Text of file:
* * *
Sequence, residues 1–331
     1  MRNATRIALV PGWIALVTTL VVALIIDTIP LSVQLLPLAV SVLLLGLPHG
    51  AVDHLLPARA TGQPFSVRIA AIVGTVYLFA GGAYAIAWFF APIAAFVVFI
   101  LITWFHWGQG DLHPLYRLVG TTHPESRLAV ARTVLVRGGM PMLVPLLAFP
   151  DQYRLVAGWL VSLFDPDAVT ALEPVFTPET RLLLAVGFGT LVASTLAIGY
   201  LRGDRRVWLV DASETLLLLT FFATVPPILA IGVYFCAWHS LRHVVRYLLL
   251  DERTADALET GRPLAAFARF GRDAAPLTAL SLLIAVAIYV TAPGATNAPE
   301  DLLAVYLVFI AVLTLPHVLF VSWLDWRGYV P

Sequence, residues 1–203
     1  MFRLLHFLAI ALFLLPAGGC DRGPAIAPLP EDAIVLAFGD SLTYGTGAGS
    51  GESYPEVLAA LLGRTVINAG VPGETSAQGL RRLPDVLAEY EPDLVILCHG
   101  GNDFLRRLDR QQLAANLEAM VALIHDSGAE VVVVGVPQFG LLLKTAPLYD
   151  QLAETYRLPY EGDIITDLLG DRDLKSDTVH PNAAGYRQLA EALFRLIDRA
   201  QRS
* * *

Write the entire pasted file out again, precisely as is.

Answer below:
Sequence, residues 1–331
     1  MRNATRIALV PGWIALVTTL VVALIIDTIP LSVQLLPLAV SVLLLGLPHG
    51  AVDHLLPARA TGQPFSVRIA AIVGTVYLFA GGAYAIAWFF APIAAFVVFI
   101  LITWFHWGQG DLHPLYRLVG TTHPESRLAV ARTVLVRGGM PMLVPLLAFP
   151  DQYRLVAGWL VSLFDPDAVT ALEPVFTPET RLLLAVGFGT LVASTLAIGY
   201  LRGDRRVWLV DASETLLLLT FFATVPPILA IGVYFCAWHS LRHVVRYLLL
   251  DERTADALET GRPLAAFARF GRDAAPLTAL SLLIAVAIYV TAPGATNAPE
   301  DLLAVYLVFI AVLTLPHVLF VSWLDWRGYV P

Sequence, residues 1–203
     1  MFRLLHFLAI ALFLLPAGGC DRGPAIAPLP EDAIVLAFGD SLTYGTGAGS
    51  GESYPEVLAA LLGRTVINAG VPGETSAQGL RRLPDVLAEY EPDLVILCHG
   101  GNDFLRRLDR QQLAANLEAM VALIHDSGAE VVVVGVPQFG LLLKTAPLYD
   151  QLAETYRLPY EGDIITDLLG DRDLKSDTVH PNAAGYRQLA EALFRLIDRA
   201  QRS